I have configured gluserfs on a pair of servers and I'm able to mount this on my client machines. I want to also be able to mount the glusterfs filesystem on both of the glusterfs servers on boot when I take both machines offline and start them from scratch.

These servers are set up as a cluster using pacemaker. In addition to a shared database, pacemaker is also providing a virtual IP address to mount the gluster filesystem from.

I can manually mount the filesystem on each after both servers are up with the command:

mount -t glusterfs nodea:/gv0 /data

Which is great. But I want this to happen automatically at boot.

So I've tried adding an entry to the fstab:

nodea:/gv0  /data       glusterfs   _netdev 0 0

Which works when I run the "mount -a" command after the cluster is up and running. However, it does not work at boot. (This is how the client machines mount the glusterfs on boot, but the cluster is up and running. So of course it works on boot for them.)

I have also tried creating a systemd unit file to handle the mounting of the glusterfs at boot. My unit file is in /etc/systemd/system named "data.mount" and looks like:

# Mounting gluster fs at /data

Description = Automount gluster filesystem


WantedBy = pcsd.service

Again, this works when both servers are up and running by running the command "systemctl start data.mount". It also works if I only reboot one of the machines in the cluster. But it doesn't work on a reboot of both servers.

If both nodes in the cluster go down, or if I feel like rebooting both at the same time for whatever reason, I want to be sure that when both machines come back up, that the glusterfs is mounted on /data.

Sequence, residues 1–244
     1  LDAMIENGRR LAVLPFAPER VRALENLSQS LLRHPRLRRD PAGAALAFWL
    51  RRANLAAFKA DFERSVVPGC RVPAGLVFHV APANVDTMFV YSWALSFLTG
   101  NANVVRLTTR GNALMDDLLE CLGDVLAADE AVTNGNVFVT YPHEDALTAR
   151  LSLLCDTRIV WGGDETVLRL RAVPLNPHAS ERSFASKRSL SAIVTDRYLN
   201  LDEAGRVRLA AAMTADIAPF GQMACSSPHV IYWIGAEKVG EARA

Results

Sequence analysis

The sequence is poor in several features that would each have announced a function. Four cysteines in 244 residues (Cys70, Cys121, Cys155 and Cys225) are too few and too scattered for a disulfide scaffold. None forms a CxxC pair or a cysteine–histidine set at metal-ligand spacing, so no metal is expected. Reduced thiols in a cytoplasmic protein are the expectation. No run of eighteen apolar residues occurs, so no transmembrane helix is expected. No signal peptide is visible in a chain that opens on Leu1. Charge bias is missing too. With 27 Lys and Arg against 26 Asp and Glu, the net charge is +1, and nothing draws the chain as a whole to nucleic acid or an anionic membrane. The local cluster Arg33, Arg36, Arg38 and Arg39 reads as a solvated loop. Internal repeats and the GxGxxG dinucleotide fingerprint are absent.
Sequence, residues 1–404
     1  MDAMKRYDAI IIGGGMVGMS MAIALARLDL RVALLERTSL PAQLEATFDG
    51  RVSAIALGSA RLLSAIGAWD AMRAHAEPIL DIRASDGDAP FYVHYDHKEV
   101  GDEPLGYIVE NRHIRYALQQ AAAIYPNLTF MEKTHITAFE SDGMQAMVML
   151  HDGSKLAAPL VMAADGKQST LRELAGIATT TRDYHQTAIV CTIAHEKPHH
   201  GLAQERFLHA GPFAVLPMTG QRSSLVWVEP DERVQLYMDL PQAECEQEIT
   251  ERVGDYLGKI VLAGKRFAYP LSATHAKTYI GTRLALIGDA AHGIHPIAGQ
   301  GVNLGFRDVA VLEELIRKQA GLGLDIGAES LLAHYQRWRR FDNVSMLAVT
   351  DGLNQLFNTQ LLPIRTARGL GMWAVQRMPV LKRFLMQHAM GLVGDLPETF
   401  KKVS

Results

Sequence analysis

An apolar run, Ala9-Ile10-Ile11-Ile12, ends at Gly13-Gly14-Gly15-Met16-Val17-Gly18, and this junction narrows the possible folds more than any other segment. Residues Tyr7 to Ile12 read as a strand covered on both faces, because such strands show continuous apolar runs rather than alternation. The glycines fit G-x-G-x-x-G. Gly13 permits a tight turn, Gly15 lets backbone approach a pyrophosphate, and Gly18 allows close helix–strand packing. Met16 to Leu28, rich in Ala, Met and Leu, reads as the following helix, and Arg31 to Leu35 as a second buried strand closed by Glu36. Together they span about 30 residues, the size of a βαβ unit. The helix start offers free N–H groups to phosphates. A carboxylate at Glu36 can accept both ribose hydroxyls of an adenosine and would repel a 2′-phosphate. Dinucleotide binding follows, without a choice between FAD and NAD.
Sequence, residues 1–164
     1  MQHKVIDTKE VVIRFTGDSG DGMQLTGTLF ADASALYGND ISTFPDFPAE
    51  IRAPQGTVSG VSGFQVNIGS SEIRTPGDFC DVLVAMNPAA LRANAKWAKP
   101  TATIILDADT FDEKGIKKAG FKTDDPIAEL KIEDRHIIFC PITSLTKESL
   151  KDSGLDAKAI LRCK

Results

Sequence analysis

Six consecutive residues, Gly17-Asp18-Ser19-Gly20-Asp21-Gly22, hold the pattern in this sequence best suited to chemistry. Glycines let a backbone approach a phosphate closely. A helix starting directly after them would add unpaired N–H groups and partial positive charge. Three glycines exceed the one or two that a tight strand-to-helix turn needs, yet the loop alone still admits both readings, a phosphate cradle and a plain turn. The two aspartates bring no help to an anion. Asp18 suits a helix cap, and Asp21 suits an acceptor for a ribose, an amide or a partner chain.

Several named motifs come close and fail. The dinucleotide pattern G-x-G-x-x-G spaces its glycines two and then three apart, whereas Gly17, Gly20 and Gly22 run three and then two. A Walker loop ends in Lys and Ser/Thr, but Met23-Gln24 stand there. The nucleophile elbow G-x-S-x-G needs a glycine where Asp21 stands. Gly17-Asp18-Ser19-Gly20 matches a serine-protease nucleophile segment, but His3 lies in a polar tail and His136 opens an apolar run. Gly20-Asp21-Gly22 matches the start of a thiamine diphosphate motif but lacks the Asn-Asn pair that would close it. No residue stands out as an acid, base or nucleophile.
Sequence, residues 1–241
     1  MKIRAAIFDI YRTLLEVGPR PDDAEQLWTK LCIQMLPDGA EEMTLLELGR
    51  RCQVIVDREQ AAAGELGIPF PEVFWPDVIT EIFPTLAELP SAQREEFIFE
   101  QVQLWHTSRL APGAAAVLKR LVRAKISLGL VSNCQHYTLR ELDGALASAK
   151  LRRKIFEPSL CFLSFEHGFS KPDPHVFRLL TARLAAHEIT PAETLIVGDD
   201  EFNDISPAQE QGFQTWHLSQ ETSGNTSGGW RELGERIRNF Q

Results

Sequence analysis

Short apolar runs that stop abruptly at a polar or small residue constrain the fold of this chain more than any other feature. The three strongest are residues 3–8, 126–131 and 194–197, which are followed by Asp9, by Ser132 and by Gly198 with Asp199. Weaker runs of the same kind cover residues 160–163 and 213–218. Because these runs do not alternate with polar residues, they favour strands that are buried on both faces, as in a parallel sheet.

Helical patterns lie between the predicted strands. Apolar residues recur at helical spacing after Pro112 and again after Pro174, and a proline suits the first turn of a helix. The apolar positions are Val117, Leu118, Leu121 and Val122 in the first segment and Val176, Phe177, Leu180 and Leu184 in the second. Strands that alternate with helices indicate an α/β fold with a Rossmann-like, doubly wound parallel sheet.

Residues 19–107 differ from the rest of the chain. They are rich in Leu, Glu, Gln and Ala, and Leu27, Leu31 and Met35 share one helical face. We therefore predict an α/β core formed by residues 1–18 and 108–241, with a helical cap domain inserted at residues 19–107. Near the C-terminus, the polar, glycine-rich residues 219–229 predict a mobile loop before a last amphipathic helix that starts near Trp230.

As a work around, I've added the following lines to root's crontab on both machines:

@reboot sleep 60 && mount -t glusterfs nodea:/gv0 /data
@reboot sleep 300 && mount -t glusterfs nodea:/gv0 /data

This works if I start both severs up from scratch. But my concern is that if the pacemaker service ever takes longer than 5 minutes to start up, then I still don't have the gluster filesystem mounted on the server at /data.

Is there a way to have the systemd unit file check if it actually mounted the filesystem and if not to retry until it does?

Is there some other way to have the glusterfs mount at boot and to check that it's actually mounted?

  • Why are you using a vip via pacemaker for this? Glusterfs doesn't require this to be clustered. Is this for some other cluster that's colocated on the same instances?
    – Spooler
    May 1 '17 at 21:29

You should be able to have systemd automount when needed. I was having problems with Ubuntu 16.04 mounting at boot as well. Based on this message I added noauto,x-systemd.automount to my fstab line:

gluster1:/volume1   /storage-pool   glusterfs   defaults,_netdev,noauto,x-systemd.automount 0 0

I have rebooted the app servers a few times each and they have all successfully mounted. I hope this helps you too!

  • I've done similar via autofs with success. This is easier to manage.
    – Spooler
    May 1 '17 at 21:38
  • I'm using Ubuntu 18.04.5 LTS. This solution doesn't work. Always I'm manually mounting GFS volumes after each boot. Any suggestions to newer Ubuntu versions?
    – inckka
    Aug 6 at 1:49

I've been hacking around this issue given LP's attitude:

file: /etc/systemd/system/glusterfsmounts.service:


ExecStartPre=/usr/sbin/gluster volume list
ExecStart=/bin/mount -a -t glusterfs


then you would:

systemctl daemon-reload

systemctl enable glusterfsmounts

and reboot... been the best/stablest thus far for me


You can use a script to hold up the "started" status of systemd's glusterfs service until the volumes are actually ready.

systemctl edit glusterd.service


Create the file /usr/local/sbin/glusterfs-wait with the following:

until [ $FAIL -eq 0 ]; do
    gluster volume status all
    test $FAIL -ne 0 && sleep 1
exit 0

Make sure this file is executable.

Then create the mount override, for example for /mnt/storage it would be mnt-storage.mount, slashes become hyphens.

systemctl edit mnt-storage.mount

If this doesn't work and you just added the fstab entry, reload systemd to have it see the update (systemctl daemon-reload).


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